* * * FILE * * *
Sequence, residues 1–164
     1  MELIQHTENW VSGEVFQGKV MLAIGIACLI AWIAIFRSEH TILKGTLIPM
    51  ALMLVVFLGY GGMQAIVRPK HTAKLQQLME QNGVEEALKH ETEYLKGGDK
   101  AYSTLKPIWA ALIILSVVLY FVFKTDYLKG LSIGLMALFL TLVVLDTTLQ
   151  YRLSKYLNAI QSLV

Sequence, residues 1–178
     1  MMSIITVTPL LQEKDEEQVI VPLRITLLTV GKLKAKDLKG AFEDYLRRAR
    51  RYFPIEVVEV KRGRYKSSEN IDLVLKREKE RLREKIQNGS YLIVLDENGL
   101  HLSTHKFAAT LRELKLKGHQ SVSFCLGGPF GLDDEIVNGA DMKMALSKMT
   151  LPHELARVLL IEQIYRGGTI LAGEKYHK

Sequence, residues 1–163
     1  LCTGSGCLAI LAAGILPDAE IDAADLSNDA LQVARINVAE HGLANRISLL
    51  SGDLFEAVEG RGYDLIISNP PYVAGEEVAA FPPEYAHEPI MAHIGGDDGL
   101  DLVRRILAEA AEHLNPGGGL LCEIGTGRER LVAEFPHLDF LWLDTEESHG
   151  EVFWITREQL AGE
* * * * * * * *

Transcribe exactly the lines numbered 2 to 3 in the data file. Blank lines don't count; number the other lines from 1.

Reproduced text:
     1  MELIQHTENW VSGEVFQGKV MLAIGIACLI AWIAIFRSEH TILKGTLIPM
    51  ALMLVVFLGY GGMQAIVRPK HTAKLQQLME QNGVEEALKH ETEYLKGGDK